If this introduction to Madison’s Forest Hill Cemetery has left you wanting to find out more about this particular cemetery or about cemeteries in general, here are some suggestions for where you can go to learn more. Cemeteries are endlessly fascinating if only you approach them with an open, inquiring mind, and we hope the perspectives and resources we’ve shared with you on this site have given you the tools for a lifetime of exploration. Enjoy!
More on Forest Hill Cemetery:
There are two books that anyone should own who wishes to explore the graves of Forest Hill Cemetery and of Resurrection Cemetery, the Catholic cemetery on the other side of Speedway Road from Forest Hill. Historic Madison, Inc., has published two wonderful guides with brief biographies of many of the individuals buried here. The full citations for these books are listed immediately below, and Historic Madison has generously given us permission also to make them available for download in searchable PDF format in case you want to access them electronically. We frankly recommend both the digital and published versions, so we’ve included links to the Historic Madison, Inc. website for anyone who wants to order the printed versions of these books as well.
Forest Hill Cemetery Committee of Historic Madison, Inc. A Biographical Guide to Forest Hill Cemetery: The Ordinary and Famous Women and Men Who Shaped Madison and the World. Revised and Expanded, Madison: Historic Madison, Inc., 2002. This essential reference work to Forest Hill should be in the library of anyone interested in Forest Hill.
For PDF Download (178MB; please be patient!):
To purchase printed book:
Resurrection Cemetery Committee of Historic Madison, Inc. Bishops to Bootleggers: A Biographical Guide to Resurrection Cemetery, Madison, Wisconsin: More of the Ordinary and Famous Women and Men Who Shaped Madison and the World. Madison: Historic Madison, Inc., 1999.
For PDF Download (97MB; please be patient!):
To purchase printed book:
Official Forest Hill website:
Official Search Tool for Locating Forest Hill Graves:
Historic Madison’s Walking Tour of Forest Hill:
Wisconsin Veterans Museum Talking Spirits Forest Hill Tour:
This annual tour of Forest Hill is well worth taking. Actors dress up as and depict the lives of historical figures buried in some of the cemetery’s most interesting graves.
Official Veterans’ Affairs National Cemetery Administration Forest Hill website:
Surrounded by Reality’s Guide to Notable Forest Hill Cemetery Graves:
Nadine Goff’s Four-Part Web Tour of Forest Hill, 2006:
Haswell, Susan. “Forest Hill: Madison’s Rural Cemetery, 1857-1878.” Journal of Historic Madison, Inc. 11 (1993): 3-20.
Hronek, Angela. “Forest Hill Cemetery: Everyday Life and Miniaturization in Madison’s Silent Suburb.” Master’s Thesis. On file in the Department of Art History at the University of Wisconsin at Madison. 2015.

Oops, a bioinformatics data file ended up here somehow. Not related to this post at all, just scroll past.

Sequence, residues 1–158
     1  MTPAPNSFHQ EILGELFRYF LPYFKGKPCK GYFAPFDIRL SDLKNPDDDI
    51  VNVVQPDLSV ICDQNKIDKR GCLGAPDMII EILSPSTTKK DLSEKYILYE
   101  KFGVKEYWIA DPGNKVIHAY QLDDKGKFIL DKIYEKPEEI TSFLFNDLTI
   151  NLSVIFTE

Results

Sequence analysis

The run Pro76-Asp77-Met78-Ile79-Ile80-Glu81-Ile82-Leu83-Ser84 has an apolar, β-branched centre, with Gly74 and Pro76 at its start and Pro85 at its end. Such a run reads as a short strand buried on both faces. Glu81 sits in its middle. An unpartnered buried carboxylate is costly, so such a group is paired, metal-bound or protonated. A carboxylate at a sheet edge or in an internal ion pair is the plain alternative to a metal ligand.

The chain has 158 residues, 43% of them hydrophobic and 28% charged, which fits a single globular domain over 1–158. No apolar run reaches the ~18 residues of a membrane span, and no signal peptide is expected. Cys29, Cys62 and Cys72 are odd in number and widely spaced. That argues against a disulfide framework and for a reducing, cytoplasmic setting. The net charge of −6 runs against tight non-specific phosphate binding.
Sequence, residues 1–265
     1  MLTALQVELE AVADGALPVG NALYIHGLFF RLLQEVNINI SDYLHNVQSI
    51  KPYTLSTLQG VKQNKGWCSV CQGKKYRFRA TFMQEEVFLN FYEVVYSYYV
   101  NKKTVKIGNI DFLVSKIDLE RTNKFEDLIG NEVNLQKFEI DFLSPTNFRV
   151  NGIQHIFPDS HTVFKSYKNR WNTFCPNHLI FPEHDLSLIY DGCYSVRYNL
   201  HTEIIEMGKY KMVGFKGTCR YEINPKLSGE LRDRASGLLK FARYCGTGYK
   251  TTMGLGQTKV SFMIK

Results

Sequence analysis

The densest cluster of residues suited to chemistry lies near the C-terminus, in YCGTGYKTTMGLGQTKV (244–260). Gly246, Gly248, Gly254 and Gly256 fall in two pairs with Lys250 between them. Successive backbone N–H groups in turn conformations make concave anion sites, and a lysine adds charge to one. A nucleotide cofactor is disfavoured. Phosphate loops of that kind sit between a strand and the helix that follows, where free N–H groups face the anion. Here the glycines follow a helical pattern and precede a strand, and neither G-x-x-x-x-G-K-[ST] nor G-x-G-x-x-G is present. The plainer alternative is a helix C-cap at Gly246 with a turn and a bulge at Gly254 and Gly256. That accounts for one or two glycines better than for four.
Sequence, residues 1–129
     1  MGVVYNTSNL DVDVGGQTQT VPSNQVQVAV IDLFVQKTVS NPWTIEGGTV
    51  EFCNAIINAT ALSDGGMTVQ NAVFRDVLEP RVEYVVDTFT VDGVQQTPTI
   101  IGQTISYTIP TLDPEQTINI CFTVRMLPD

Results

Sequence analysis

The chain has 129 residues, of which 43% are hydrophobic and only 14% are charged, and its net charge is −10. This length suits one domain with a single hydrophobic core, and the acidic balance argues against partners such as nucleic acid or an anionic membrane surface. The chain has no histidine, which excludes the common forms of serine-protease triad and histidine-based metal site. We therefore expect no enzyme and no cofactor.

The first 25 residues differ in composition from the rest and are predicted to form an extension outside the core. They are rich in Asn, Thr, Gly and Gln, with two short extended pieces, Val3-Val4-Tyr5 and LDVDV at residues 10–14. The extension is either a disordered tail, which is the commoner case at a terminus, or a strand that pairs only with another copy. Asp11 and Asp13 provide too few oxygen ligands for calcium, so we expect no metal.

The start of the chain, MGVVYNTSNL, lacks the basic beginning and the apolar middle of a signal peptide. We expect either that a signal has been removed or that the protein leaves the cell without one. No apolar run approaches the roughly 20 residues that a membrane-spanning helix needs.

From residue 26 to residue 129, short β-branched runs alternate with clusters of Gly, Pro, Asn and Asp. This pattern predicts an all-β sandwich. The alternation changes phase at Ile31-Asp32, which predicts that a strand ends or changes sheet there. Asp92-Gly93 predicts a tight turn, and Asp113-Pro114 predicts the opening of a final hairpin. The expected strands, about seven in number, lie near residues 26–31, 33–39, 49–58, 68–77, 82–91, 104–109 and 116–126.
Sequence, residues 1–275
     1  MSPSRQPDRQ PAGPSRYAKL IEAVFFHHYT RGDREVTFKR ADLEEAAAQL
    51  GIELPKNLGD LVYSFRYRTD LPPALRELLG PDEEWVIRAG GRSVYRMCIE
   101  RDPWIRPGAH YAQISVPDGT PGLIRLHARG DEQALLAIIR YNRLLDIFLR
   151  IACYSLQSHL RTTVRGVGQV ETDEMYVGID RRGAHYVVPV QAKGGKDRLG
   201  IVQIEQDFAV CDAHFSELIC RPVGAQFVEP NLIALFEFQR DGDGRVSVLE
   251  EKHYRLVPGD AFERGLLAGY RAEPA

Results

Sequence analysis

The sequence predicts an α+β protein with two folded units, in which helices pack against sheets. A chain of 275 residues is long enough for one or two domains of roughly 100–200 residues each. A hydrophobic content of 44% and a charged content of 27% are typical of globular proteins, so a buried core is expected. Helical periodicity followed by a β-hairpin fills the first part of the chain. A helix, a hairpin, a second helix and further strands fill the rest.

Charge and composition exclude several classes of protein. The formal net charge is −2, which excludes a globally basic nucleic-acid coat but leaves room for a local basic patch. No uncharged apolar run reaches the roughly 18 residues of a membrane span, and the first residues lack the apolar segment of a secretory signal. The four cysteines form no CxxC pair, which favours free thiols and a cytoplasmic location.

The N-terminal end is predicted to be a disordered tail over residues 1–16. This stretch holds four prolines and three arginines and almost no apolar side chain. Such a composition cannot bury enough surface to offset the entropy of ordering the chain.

General Web Resources about Cemeteries:
Find a Grave: http://www.findagrave.com
Wikipedia entry on “Cemetery”: http://en.wikipedia.org/wiki/Cemetery
Association for Gravestone Studies:
Much useful information and many links to other cemetery-related resources.
Stone Quarries and Beyond:
Lots of resources for learning about stone quarrying and carving.
Reed College Study Guide for Reading Gravestones:
Family Research Library, “Successful Cemetery Research,” 2006:
National Cemetery Administration, U.S. Department of Veterans Affairs, “Available Emblems of Belief for Placement on Government Headstones and Markers”:
National Funeral Directors Association:
This is the professional organization for funeral directors. Although some of its content is available only to members, you can still learn a lot about this industry from the public pages. See, for instance, the “About Funeral Service: Trends and Statistics” page, which is updated annually with many useful statistics.
“Funeral Costs and Pricing Checklist,” Federal Trade Commission:
Bess Lovejoy, “Fond Farewells,” Lapham Quarterly 6:4 (Fall 2013):
Retrospective on Jessica Mitford’s An American Way of Death.
Post Mortem: Death Investigation in America:
These three pages house the results of an excellent, collaborative 2011 investigation on death in the United States by PBS’s “Frontline,” NPR, and ProPublica. Here, you can find information on the nation’s death investigation system made up of 2,300 coroner and medical examiner offices, as well as the challenges posed by unexpected or unusual deaths.
Interview with Keith Eggener, author of Cemeteries, published in the Atlantic:
Tate Williams, “In the Garden Cemetery: The Revival of America’s First Urban Parks,” American Forests (Spring-Summer 2014):
(A good article on recent recreational uses of historic cemeteries.)
Anna Clark, “Designing for the Dead: The Perfect City Cemetery,” Next City:
Describes the City of Austin, Texas’s planning process for their Cemetery Master Plan. The plan mixes historic preservation and innovative strategies in an effort to create an ideal urban resting place.